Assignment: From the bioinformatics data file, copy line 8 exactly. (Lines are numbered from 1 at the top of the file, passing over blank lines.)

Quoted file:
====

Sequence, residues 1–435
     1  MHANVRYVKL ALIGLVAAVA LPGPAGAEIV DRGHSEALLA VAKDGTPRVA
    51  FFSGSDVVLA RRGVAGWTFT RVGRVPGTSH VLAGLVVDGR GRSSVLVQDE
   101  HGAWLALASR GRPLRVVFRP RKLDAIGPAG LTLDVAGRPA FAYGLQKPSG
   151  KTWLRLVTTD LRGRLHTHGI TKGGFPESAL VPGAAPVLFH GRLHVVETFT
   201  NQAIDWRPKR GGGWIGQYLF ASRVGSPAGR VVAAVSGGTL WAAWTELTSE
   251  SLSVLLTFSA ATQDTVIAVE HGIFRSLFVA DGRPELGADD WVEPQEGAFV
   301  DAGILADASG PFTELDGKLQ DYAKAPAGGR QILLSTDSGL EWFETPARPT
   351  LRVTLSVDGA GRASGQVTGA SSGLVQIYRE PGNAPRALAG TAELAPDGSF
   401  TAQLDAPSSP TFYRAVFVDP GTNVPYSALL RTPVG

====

   301  DAGILADASG PFTELDGKLQ DYAKAPAGGR QILLSTDSGL EWFETPARPT